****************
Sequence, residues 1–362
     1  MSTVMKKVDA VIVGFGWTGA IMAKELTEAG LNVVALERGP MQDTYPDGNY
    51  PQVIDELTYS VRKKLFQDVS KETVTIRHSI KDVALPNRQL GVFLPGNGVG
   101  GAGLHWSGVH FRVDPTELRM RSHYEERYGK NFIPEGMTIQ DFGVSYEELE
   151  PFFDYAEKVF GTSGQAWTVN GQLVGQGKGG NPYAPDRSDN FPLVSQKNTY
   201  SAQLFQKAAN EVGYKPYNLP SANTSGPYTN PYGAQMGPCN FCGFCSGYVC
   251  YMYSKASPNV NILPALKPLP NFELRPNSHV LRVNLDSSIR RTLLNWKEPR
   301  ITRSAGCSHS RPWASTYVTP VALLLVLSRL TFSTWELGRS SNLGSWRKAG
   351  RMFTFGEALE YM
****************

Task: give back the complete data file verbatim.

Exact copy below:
Sequence, residues 1–362
     1  MSTVMKKVDA VIVGFGWTGA IMAKELTEAG LNVVALERGP MQDTYPDGNY
    51  PQVIDELTYS VRKKLFQDVS KETVTIRHSI KDVALPNRQL GVFLPGNGVG
   101  GAGLHWSGVH FRVDPTELRM RSHYEERYGK NFIPEGMTIQ DFGVSYEELE
   151  PFFDYAEKVF GTSGQAWTVN GQLVGQGKGG NPYAPDRSDN FPLVSQKNTY
   201  SAQLFQKAAN EVGYKPYNLP SANTSGPYTN PYGAQMGPCN FCGFCSGYVC
   251  YMYSKASPNV NILPALKPLP NFELRPNSHV LRVNLDSSIR RTLLNWKEPR
   301  ITRSAGCSHS RPWASTYVTP VALLLVLSRL TFSTWELGRS SNLGSWRKAG
   351  RMFTFGEALE YM